Missing out on EU opportunities

201810 anti Brexit art work joke 50p coin 45119637_1012210822296694_6402268990915215360_oI attended a couple of “Another Europe is possible” meetings in part to reflect on a previous post about the challenges Nottingham faces as we are preparing for, or rather threatened by, Brexit.
Reports of how the EU is now bigger than the. USA in science prompts thoughts to how we might miss out on their progress.  Moving on with progress on health, the environment and tackling corporations on tax avoidance.
One risk that deserves better understanding is the impact of people who are European citizens, but not British.  Up to 3.8 million were mot allowed to take part in the 2016 referendum.  Might people leave Britain, many of them working in the hotel and catering trade?  What might the challenge to the economy be, and to public services, if shortages there make public sector caring jobs less attractive.  A take that this means more jobs for local people begs the question about how crops can to be left in the fields, or in the greenhouses, this year.
The group are pushing for a People’s Vote, which is often challenged with how do you choose 2 options from the 3 touted?  One retort – list the three options – Crash out; May’s deal (which is crash out after a while before new trade deals can be struck), and Remain. A more complicated referendum might actually re-iterate how this matter deserves consideration.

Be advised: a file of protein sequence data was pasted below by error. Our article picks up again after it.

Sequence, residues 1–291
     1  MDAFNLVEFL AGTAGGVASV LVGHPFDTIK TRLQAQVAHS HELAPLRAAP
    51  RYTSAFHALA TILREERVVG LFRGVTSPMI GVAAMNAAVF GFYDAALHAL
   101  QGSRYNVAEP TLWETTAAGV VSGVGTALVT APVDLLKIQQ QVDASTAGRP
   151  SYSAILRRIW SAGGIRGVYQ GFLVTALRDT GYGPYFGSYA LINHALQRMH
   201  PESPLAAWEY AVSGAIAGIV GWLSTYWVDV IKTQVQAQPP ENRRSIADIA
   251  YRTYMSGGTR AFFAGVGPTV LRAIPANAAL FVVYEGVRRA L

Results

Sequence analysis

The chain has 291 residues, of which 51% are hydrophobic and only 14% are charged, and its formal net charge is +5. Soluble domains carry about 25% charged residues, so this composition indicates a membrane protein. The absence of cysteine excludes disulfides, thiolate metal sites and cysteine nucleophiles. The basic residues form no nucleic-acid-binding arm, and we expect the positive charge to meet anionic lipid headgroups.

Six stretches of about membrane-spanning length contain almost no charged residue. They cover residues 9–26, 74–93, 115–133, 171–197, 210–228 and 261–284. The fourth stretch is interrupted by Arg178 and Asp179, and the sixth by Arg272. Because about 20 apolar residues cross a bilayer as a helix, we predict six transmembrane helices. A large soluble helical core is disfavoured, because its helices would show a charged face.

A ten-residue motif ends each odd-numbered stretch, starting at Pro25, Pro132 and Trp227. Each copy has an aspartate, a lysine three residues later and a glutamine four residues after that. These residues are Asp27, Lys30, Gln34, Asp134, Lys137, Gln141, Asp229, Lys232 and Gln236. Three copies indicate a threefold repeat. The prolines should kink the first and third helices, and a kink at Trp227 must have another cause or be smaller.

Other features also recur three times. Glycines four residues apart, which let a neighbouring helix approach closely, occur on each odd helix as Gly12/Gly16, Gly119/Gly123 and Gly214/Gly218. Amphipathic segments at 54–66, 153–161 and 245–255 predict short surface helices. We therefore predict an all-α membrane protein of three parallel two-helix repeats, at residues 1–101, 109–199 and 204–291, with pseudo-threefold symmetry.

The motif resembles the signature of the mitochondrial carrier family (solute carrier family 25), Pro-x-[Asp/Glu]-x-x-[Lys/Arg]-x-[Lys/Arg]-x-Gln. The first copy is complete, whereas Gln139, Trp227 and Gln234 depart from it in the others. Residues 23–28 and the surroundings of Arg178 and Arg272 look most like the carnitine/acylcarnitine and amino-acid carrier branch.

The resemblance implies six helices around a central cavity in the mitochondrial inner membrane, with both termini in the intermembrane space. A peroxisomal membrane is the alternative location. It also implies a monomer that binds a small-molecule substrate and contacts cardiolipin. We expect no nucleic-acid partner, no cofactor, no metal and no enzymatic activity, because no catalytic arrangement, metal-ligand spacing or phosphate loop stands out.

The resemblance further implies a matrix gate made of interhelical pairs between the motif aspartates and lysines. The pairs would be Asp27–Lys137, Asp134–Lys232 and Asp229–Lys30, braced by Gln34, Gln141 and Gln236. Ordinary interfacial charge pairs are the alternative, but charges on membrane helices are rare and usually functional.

The early challenge to leaving with or without a deal is the race to strike new trade deals, especially with an America with lower standards on food (e.g. chlorinated chicken).
Reminders too, of people like Professor Minford, who wanted to write off Liverpool.  The raw globalisation that will follow Brexit will threaten most what traditional manufacturing businesses we have, a constituency that seemed particularly motivated to vote Leave.
I’ve been wondering about withdrawing Article 50 – which I am assured the UK can do – we must be able to, cos what if a General Election led us to say we’ve changed our mind? Concern at the meetings was to do that in isolation leaves that sense that the result of people expressing their view is to be merely turned over by the political class.   But I think it may be needed cos realisation of  the crisis to come will prompt people to say “stop” cos we’re not ready.
A reminder that the process will be, and has been, making young people feel like they have not say.
For me, another chance to say the challenge to EU membership problem developed from a ruling (by the European Court of Justice) saying that people from abroad could be paid different rates of pay, and terms and conditions, and that by 2010 at least, so many people were bewailing lack of opportunities for employment for local people, and problems caused at work places by people who were not properly trained.

All in all, time for a stock take of the challenges to Nottingham prompted by Brexit.

BTW Independent article on public understanding of Brexit.


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